• Transport. They are in charge of carrying necessary elements from one place to another. The best example is hemoglobin, which carries oxygen throughout the body.
  • Receptors. They perform one of the most complex functions. They receive a signal and act immediately to protect the body. This occurs, for example, in muscle contraction.
  • Motor. Their function is to make other elements of the body work. Among them is myosin, which gives the signal for muscles to contract.
  • Reserve. Some proteins have the function of storing nutrients for later use. For example, ferritin stores iron.

Benefits of proteins

By reviewing the functions of proteins in the body, it is easy to understand why they are so important. Nutrition experts point out that the dose to be ingested will depend on the weight of each person. For each kilogram a person should consume 0.85 g per day. But, when reaching advanced age, that amount should be increased to 1.02 g. In this way, the following benefits will be obtained.

  • Body tissues. They help to keep them in good condition. Even when they break or break, they help their regeneration.
  • They help the body weight. Since protein provides a feeling of satiety, it is easier to limit calorie intake. This helps you lose weight or maintain your ideal weight.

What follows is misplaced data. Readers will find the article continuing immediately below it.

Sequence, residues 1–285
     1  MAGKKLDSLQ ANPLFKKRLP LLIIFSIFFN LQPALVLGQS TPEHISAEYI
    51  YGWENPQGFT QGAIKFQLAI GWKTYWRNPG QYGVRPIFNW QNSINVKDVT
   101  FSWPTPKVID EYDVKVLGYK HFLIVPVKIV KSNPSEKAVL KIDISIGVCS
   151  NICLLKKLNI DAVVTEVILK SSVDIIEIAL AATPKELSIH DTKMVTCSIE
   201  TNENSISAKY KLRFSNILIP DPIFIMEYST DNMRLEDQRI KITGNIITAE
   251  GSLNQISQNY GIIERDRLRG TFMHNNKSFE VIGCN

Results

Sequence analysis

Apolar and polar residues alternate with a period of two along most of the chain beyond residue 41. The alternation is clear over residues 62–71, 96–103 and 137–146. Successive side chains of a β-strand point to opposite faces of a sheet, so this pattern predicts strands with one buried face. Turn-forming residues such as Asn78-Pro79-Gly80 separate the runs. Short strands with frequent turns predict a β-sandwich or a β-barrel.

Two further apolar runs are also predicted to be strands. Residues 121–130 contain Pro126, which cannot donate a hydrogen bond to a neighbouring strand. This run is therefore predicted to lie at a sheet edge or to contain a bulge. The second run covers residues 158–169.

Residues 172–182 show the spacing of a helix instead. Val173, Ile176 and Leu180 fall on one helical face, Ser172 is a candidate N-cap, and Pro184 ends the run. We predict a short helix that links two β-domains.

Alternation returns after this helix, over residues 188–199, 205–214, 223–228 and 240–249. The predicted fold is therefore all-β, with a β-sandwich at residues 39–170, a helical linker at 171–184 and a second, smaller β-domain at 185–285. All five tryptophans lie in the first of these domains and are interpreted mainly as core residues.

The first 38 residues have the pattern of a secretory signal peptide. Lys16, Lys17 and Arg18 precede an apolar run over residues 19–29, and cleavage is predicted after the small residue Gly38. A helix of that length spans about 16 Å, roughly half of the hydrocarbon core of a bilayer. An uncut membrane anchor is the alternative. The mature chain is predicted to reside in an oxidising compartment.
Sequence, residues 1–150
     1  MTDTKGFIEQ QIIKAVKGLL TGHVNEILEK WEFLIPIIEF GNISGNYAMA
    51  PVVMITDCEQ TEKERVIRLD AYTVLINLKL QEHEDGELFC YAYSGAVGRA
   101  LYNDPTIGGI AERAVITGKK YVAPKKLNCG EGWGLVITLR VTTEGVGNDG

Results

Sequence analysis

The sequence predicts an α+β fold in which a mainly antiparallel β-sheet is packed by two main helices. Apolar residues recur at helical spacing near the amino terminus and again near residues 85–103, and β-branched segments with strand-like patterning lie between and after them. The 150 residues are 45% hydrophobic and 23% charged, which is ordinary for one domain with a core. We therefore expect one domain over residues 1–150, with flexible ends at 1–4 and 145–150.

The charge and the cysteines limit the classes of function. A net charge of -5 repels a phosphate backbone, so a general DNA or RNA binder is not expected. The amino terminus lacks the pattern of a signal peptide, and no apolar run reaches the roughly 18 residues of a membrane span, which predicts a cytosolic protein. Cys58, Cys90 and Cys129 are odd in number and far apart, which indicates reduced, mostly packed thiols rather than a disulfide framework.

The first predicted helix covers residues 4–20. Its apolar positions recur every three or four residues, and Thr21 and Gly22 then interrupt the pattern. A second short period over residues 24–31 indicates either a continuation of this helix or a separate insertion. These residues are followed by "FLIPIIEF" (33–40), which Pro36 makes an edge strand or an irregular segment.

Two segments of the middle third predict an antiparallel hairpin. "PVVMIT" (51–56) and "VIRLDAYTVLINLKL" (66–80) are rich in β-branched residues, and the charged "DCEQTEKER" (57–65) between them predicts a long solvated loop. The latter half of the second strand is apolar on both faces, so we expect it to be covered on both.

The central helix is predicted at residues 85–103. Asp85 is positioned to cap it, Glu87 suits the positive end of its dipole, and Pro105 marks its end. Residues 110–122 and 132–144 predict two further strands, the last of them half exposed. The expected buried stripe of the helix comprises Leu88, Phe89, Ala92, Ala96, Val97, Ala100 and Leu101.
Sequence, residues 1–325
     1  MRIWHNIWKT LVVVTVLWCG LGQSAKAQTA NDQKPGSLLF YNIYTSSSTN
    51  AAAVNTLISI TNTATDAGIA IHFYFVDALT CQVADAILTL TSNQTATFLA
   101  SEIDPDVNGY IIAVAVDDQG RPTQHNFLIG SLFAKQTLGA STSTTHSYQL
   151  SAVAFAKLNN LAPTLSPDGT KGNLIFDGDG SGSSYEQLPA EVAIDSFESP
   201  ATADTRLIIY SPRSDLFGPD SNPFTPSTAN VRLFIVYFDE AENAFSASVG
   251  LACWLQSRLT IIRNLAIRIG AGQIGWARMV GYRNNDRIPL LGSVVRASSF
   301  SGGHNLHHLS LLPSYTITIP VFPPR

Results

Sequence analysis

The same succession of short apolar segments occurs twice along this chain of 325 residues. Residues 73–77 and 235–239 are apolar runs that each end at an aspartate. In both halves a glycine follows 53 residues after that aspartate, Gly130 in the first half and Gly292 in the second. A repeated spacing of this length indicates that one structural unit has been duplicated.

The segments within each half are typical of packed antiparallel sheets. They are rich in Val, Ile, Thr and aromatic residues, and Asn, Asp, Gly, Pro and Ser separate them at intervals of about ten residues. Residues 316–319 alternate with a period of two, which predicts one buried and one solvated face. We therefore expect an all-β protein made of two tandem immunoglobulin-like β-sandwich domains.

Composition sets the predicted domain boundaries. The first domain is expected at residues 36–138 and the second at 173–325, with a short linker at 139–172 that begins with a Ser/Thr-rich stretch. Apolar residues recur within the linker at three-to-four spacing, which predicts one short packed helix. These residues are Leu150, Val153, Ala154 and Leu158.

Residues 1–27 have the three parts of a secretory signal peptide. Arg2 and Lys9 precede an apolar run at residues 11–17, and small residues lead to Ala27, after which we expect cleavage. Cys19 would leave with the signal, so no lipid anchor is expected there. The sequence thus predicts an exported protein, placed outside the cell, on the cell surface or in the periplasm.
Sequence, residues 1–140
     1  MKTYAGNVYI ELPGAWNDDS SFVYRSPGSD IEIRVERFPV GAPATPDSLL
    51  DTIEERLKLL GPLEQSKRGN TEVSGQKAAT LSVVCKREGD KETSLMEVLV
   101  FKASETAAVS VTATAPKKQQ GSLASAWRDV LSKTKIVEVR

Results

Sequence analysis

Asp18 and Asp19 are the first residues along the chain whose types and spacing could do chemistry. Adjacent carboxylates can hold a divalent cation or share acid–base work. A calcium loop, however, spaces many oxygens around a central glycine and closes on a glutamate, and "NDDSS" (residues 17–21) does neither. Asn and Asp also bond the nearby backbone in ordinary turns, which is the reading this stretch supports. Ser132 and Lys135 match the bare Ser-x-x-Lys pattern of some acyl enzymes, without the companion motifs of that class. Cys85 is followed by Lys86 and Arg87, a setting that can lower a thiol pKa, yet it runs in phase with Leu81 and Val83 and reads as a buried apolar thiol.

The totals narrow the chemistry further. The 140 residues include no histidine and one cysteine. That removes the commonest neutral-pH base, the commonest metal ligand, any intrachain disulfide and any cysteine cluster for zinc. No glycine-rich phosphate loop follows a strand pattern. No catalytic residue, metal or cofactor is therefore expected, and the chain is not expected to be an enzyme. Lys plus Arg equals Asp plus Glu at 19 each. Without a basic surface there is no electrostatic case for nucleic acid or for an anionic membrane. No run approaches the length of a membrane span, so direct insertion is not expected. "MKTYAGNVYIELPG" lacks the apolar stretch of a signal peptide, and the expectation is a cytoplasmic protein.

• Eliminates waste. Thanks to protein, the body not only makes better use of nutrients, but also eliminates everything that is of no use to it more quickly.

A study on the effects of protein and branched-chain amino acid supplements in strength training: a literature review found that protein may have a positive effect on increasing performance and muscle mass, although it acknowledges that further evaluation is needed.

Risks in protein consumption

As the Clínica Universidad de Navarra emphasizes, the lack of protein intake affects the body. However, excess intake can also be harmful. It is necessary to find a balance. For that reason, it is necessary to know the weight of each person. Then the right dosage can be determined

Too much protein can cause serious problems. These include obesity. It is not only a question of weight gain, but also the consequent health risks that this entails. Many cardiovascular diseases are associated with obesity.

In addition, organs such as the kidneys or liver are also forced to work more than they should, causing their functioning to be affected. This can deteriorate them to the point of suffering other conditions, such as renal ailments.

If consumed properly, proteins produce many benefits. In case of any doubt, it is best to consult a medical specialist.

German Fuertes Otero
German Fuertes Oterohttps://www.google.com/search?kgmid=/g/11p5t5jsss
CEO at PharmaSalud.net. M.D. from Stanford Medicine: Stanford, California, US, M.Sc. from University of Cambridge: Cambridge, Cambridgeshire, UK and University of Oxford: Oxford, Oxfordshire, UK. PhD at Harvard University Harvard Catalyst: Cambridge, MA, US.

Aunque pueda contener afirmaciones, datos o apuntes procedentes de instituciones o profesionales sanitarios y la información contenida en PharmaSalud esté redactada por profesionales en medicina, recomendamos al lector que cualquier duda relacionada con la salud sea consultada con un profesional del ámbito sanitario.